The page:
Some alleged offenders held in custody have been denied a hearing before a judge as proceedings were mistakenly adjourned during the coronavirus lockdown.

The error was revealed in a letter today by Chief District Court Judge Heemi Taumaunu to the presidents of the New Zealand Law Society, Criminal Bar Association, Auckland District Law Society and NZ Bar Association.

"I am aware that since alert level 4 came into force, some defendants who are in custody and scheduled to appear in the District Court have not appeared and their proceedings have been administratively adjourned by the registry," he said in the letter, which was also sent to the country's Chief Justice Dame Helen Winkelmann.

Judge Taumaunu had said on March 25 that all defendants who are in custody will appear before a judge.


"Accordingly, those defendants should have appeared before a judge," he said. "The Ministry of Justice has agreed to identify the defendants who were dealt with in this manner and will reschedule their appearances to the next available date before a judge."

The coronavirus crisis has caused significant disruption to New Zealand's courts and justice system, with the Ministry of Justice indicating at least 59,500 events a month in the District and Youth Courts will be postponed during the lockdown.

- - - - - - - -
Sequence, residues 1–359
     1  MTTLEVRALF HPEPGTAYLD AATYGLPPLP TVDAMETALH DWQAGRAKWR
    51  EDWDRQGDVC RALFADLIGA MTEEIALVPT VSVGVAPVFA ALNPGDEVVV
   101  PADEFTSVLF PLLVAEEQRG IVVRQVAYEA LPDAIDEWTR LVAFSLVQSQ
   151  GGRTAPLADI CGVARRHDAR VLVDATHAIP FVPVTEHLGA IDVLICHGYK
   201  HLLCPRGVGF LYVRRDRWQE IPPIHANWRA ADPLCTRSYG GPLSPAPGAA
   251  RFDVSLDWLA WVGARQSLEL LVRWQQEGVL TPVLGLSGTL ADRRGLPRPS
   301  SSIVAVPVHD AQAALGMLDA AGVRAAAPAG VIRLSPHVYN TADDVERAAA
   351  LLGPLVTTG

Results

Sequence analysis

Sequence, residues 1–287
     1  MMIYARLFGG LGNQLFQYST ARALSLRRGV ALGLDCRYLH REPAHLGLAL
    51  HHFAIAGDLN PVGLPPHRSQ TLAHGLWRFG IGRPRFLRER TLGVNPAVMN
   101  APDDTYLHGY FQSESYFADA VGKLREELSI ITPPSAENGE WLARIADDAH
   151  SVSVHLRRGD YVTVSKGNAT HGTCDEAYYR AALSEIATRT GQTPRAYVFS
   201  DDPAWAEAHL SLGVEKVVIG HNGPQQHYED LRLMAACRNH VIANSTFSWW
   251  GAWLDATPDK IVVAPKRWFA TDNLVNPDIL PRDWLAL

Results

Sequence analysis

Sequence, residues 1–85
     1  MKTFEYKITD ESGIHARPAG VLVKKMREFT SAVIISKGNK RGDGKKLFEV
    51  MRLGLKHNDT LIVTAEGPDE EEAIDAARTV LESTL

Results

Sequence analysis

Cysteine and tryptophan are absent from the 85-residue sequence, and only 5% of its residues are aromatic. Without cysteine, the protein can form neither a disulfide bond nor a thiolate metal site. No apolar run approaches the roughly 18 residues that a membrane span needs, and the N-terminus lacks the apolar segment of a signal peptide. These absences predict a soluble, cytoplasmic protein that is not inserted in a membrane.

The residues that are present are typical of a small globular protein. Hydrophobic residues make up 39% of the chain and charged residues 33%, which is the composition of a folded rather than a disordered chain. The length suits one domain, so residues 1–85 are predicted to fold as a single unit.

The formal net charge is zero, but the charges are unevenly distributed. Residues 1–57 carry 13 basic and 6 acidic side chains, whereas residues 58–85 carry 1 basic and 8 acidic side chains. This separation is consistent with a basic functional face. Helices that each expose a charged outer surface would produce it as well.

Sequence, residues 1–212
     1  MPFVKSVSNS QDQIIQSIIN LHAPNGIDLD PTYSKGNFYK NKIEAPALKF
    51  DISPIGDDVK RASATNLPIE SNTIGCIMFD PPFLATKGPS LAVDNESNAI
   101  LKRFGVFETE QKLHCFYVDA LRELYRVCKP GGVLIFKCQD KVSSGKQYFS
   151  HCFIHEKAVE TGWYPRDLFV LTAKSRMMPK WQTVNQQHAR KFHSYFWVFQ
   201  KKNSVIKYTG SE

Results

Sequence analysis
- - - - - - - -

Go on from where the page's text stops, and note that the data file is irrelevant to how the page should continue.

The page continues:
The enormous number of adjournments has the potential to create a lengthy backlog of hearings in the system.

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Judge Taumaunu said in the letter those hearings which are held will be facilitated by remote participation whenever possible.

He also said no witnesses for judge-alone trials or pre-trial applications are required to appear in court to give evidence until further notice.

Instead, an administrative hearing will be conducted.

Judge Taumaunu added that the Ministry of Justice has established a virtual meeting room facility for all counsel, court participants, and accredited media to participate in priority proceedings by audio-visual link (AVL) from their homes or offices.


"A judge and registrar will be in the courtroom but counsel are encouraged to appear by AVL whenever feasible."

Applications made under the Returning Offenders (Management and Information) Act have also been added to the list of priority proceedings in the District Court during the alert level 4 period, Judge Taumaunu said.

While being largely closed to the public, New Zealand's courts will remain open to defendants, prosecutors, lawyers, officers of the court and journalists.

Judge Taumaunu said all court participants in the District Court are permitted to wear personal protective equipment while appearing in court either in person or remotely, such as gloves and facemasks.

The Ministry of Justice has said it is ordering infrared scanners to test people's temperatures when entering a courthouse. Those who appear to have a fever will be turned away. The Government's official Covid-19 advisory website